Robert Mueller
Credit: The White House/Wikimedia Commons

I would like to expand on Jonathan Bernstein’s piece from yesterday about what’s really at stake after the FBI raided last night the offices of Michael Cohen, President Trump’s personal attorney. If the president fires Special Counsel Robert Muller, what’s at stake, Bernstein wrote, is no less than the rule of law.

The question isn’t whether this or that person is the right one for the job. If Trump acts, the question will be — as it was in 1973 — whether the president is above the law.

That is precisely why the massacre blew up in Nixon’s face. Republicans didn’t care about Cox or the attorney general, Elliot Richardson, who was purged because he refused to fire Cox. When push came to shove, however, it turned out that many of them and many of their supporters did care about the rule of law.

I’m not sure whether Republicans in Congress realize yet that that could be what’s at stake.

I’m also unsure, but we do have some context to work with. Recall how the Republicans scrambled for an appropriate response to Trump’s firing last summer of FBI Director James Comey. That scramble came close to outright panic as reports leaked about how and why Trump fired Comey, including boasts from Trump to a couple of Russian diplomats that canning Comey was a relief.

The Republican near-panic ended when Deputy Attorney General Rod Rosenstein picked Mueller as the FBI’s special counsel. At that point, the GOP did not have to defend the president. When asked, they could point to the ongoing investigation, and that allowed them get on with the party’s business of cutting taxes for the rich and gutting Obamacare.

This episode suggests that the Republicans do care to some degree about appearing to be on the side of the rule of law. It tells us also that the Republicans have a decent read on public opinion. Comey’s firing was simple to understand amid an amazingly complex series of amazingly complex events, and all the more damning for being simple.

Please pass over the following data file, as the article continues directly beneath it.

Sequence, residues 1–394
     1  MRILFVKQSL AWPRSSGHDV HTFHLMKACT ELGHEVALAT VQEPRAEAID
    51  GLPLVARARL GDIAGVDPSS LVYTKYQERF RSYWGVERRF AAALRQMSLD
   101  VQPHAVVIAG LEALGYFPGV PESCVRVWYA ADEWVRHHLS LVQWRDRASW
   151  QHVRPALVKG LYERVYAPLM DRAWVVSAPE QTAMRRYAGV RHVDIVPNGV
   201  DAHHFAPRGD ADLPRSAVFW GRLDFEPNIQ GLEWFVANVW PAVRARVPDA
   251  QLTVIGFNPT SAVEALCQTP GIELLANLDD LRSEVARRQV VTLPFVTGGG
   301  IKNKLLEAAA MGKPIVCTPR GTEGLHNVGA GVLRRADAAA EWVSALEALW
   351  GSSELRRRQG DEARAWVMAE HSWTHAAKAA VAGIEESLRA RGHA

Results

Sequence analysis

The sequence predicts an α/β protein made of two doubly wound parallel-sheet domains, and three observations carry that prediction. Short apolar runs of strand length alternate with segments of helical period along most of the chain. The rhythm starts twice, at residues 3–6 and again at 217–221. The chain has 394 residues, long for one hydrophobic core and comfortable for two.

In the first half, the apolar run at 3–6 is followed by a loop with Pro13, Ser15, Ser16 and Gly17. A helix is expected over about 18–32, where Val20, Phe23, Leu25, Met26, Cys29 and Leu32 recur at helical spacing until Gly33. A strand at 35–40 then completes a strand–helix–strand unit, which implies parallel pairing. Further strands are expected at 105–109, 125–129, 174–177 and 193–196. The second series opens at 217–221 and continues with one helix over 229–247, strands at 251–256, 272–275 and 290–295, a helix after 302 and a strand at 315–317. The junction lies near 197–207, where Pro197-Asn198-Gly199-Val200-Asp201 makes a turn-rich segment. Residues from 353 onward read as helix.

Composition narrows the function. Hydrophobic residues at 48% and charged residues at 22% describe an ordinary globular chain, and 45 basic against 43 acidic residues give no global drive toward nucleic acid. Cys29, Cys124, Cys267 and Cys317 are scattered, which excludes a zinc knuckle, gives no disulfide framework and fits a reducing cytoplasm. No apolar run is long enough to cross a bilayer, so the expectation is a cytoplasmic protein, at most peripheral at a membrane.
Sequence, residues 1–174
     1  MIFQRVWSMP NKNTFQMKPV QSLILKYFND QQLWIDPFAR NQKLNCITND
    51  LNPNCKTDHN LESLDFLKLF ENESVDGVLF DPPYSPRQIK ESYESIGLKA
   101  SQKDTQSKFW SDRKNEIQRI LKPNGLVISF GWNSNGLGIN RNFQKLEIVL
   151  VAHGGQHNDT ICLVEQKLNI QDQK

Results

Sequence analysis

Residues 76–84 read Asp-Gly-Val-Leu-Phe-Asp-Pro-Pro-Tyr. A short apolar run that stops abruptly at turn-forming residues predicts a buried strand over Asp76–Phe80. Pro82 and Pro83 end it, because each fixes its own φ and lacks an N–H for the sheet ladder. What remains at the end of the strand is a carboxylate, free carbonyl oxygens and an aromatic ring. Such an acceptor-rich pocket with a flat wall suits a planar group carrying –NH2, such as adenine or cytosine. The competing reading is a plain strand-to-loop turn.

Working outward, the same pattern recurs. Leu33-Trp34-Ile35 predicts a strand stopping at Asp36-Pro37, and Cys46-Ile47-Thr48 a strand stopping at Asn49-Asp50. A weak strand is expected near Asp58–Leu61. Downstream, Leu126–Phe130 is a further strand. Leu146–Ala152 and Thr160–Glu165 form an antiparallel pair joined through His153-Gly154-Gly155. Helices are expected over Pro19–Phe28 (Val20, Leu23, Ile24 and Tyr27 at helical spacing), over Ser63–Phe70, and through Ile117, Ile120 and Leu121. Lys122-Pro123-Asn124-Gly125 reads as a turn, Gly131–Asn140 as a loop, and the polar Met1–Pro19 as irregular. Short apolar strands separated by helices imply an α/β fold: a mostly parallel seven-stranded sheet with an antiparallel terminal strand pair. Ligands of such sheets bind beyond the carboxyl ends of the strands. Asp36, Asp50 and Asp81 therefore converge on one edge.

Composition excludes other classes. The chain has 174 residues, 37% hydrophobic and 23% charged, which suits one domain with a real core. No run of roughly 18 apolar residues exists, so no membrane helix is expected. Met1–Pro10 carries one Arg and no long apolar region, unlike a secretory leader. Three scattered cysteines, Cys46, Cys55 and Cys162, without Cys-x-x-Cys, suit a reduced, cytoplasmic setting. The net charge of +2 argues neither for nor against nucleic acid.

Most people most of the time don’t know much about the law, and don’t care that they don’t know much about the law, but they do know they can trust law enforcement institutions like the FBI to mostly do the right thing. Conservatives especially tend to be exceedingly deferential to law enforcement agencies. Even after all that Trump and his attack dogs in Congress have done to delegitimize the FBI and the Mueller investigation, two-thirds of Americans trust the agency over Trump.

At the same time, most Americans, even the president’s supporters, know after a year into Donald Trump’s presidency that he not only has a troubled relationship with the truth but appears wholly allergic to it. Polls show that the majority of Americans think he’s dishonest.

Put these two factors together—trust in the FBI, lack of trust in the president—and you have a context from which to reasonably infer how the GOP would respond if Trump fired Mueller. I’m not saying the Republicans would abandon the president to the winds of impeachment. I think much more would need to come to light for that to happen. But I am suggesting the Republicans won’t go along friction-free, because the cost of going along would be felt acutely.

Now, it’s true that the president can do and has done a lot to undermine the FBI’s credibility with the electorate, but bear in mind that he’s done a lot to undermine his own credibility—even with his own base. I can think of three ways.

One, the tax overhaul. The Republicans sacrificed support among affluent professional voters in high-tax blue states (the new law got rid of deductions for state and local taxes). Two, tariffs. The president’s pointless tit-for-tat with China is sparking concern as well as fury in agricultural states that will suffer most from a trade war. Three, the last budget. The Democrats pretty much got everything they wanted in that deal, and that enraged the base, so much so that the president and House Republicans are talking about ways to claw back some of those billions (it won’t work.)

When Anne Coulter tells readers they got snookered, when Richard Spencer tells followers Trump is weak, when Tucker Carlson resorts to stories about panda sex (not kidding) to distract Fox viewers from the FBI’s raid, something is happening to suggest Trump’s base isn’t as strong as it was.

I think the Republicans understand something else: If Mueller’s investigation proceeds unimpeded, they will have opportunities to rationalize the outcome. That won’t be possible, however, if Trump fires Mueller. As long was the water is muddy, the GOP has a chance. Firing Mueller, however, provides unwelcome clarity. In a real sense, Trump would “prove” he’s guilty of something by firing the man investigating him.

John Stoehr

Follow John on Twitter @johnastoehr . John Stoehr is a Washington Monthly contributing writer. This piece originally appeared in The Editorial Board.